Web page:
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Virus
A virus is a form of software designed to infect computers, typically with the goal of spreading automatically to other systems. Viruses may or may not cause damage, but are frequently associated with some form of undesirable event. Viruses can be spread via networks (e.g. the Internet or local area network) in the form of email attachments or downloads, or can be present on a disk or CD.
Trojan
A Trojan (also called a Trojan horse) is a software program in which harmful or malicious code is contained within another (seemingly harmless) program. When this program executes, the Trojan performs a specific set of actions, usually working toward the goal of allowing itself to persist on the target system. Trojans can allow hackers to open backdoors on your system, giving them access to your files and even network connectivity.
Attachment
An attachment is a file that is attached to an email message. Attachments are normally considered separately from the body of the email message, and can be nearly any type of file. Attachments can contain malicious programs, such as viruses and Trojans, and should be opened with care (and scanned for viruses prior to being opened).
CC & BCC
CC (Carbon Copy) and BCC (Blind Carbon Copy) fields in your email client software allow you to send "carbon copies" (or duplicates) of an email message to other parties aside from the primary recipient. If a user receives a BCC of an email, the primary recipient will not know about it (thus they are "blind" to it).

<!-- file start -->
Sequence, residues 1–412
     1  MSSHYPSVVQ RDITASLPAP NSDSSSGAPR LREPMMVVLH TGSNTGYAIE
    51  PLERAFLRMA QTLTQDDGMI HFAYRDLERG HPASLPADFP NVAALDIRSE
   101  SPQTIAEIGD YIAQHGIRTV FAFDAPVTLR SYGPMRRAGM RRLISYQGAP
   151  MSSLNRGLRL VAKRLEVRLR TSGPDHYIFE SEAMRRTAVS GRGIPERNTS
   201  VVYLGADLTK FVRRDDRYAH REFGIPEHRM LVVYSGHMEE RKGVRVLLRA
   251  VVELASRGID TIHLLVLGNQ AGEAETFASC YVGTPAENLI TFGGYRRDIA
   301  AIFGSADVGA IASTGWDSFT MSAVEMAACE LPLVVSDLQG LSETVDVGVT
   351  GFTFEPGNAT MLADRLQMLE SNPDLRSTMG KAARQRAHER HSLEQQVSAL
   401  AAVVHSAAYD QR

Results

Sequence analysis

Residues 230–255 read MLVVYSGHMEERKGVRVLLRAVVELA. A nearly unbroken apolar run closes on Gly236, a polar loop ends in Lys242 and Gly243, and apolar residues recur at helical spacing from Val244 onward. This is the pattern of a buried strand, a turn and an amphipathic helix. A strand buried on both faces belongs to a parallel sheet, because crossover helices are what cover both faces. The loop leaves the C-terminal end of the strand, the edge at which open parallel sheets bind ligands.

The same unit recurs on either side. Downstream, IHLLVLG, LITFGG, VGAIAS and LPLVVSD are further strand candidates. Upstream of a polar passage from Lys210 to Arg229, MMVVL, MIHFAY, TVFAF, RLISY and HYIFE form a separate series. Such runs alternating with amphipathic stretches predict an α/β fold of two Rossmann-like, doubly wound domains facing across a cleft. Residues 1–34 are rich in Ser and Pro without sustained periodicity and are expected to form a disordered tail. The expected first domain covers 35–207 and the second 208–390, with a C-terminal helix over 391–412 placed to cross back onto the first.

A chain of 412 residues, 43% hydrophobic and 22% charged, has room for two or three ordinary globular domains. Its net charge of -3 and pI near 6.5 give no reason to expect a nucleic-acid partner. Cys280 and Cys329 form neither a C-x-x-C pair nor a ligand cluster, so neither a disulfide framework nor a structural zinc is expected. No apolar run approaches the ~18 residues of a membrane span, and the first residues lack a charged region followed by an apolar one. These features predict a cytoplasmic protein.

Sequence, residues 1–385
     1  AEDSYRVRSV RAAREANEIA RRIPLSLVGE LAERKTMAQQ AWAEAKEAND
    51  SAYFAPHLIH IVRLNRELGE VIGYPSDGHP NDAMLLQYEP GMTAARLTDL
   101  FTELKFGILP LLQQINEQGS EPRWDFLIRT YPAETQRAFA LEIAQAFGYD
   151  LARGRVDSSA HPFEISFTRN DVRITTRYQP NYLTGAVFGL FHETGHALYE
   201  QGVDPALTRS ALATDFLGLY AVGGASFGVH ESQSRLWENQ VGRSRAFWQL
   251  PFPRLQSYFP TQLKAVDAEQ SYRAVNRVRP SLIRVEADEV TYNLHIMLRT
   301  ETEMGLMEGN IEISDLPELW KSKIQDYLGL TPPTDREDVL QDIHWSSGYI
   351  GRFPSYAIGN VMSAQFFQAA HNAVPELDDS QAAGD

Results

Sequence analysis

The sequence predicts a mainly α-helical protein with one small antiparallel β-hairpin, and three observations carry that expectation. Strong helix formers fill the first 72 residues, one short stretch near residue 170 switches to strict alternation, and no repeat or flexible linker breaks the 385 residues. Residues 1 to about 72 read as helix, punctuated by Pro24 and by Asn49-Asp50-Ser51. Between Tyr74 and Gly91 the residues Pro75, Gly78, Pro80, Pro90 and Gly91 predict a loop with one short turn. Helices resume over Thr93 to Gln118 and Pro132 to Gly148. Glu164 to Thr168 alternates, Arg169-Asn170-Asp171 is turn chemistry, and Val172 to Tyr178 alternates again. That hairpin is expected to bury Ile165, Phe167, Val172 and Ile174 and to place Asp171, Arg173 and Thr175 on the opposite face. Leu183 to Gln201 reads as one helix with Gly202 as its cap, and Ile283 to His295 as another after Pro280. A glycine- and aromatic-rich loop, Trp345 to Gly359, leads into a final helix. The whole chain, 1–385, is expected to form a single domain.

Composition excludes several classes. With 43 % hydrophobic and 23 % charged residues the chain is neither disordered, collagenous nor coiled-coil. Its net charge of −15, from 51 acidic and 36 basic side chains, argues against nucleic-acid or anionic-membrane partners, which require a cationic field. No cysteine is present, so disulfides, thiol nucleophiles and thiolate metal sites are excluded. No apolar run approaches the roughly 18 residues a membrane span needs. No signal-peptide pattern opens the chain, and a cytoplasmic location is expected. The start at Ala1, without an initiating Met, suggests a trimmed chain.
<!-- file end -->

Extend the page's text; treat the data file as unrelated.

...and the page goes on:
Auto-responder
An automatic reply to an inbound email, which typically occurs at the mail server level. When going on vacation or leave, it's often wise to consider applying an auto-responder to your email account while you're gone.
Flaming
An email message that contains angry, and possibly insulting or vulgar, content. These are typically reactionary based upon some external event.
SMTP / ESMTP
Simple Mail Transport Protocol (and Extended SMTP) are the email transport protocols that allow email to be sent (outbound) via the network. When you decide to send an email to another user, your email client communicates with the mail server via SMTP protocol in order to transmit the message contents.
POP3
Post Office Protocol v3 is the transport protocol used for receiving emails. When you use your email client to retrieve email messages, the client communicates with the email server via POP3.
MIME
MIME (Multi-purpose Internet Mail Extensions) is an extension to the original suite of Internet protocols (including, but not limited to, email protocols) that allows users to exchange various types of data files on the Internet. MIME can be used to transport images, video, programs, and other binary file formats, as well as the email message text itself.
MTA
 
An MTA, or Mail Transfer Agent, is a piece of software designed to transfer email from one relay point to another, until the email reaches its destination. Most mail server software will act as an MTA and pass email messages to other mail servers in order to facilitate their delivery.
MUA
 
An MUA, or Mail User Agent, is a software program that acts on behalf of the user. Also known as a mail client, an MUA will allow you to compose an email message, and send it to the intended recipient.

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Revised: November 21, 2007